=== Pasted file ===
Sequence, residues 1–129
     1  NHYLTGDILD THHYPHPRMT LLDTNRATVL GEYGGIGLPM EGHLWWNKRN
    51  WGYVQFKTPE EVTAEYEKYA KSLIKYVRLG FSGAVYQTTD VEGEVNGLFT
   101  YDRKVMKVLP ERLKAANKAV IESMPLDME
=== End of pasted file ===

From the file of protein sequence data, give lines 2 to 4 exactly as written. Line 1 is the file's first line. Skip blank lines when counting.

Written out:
     1  NHYLTGDILD THHYPHPRMT LLDTNRATVL GEYGGIGLPM EGHLWWNKRN
    51  WGYVQFKTPE EVTAEYEKYA KSLIKYVRLG FSGAVYQTTD VEGEVNGLFT
   101  YDRKVMKVLP ERLKAANKAV IESMPLDME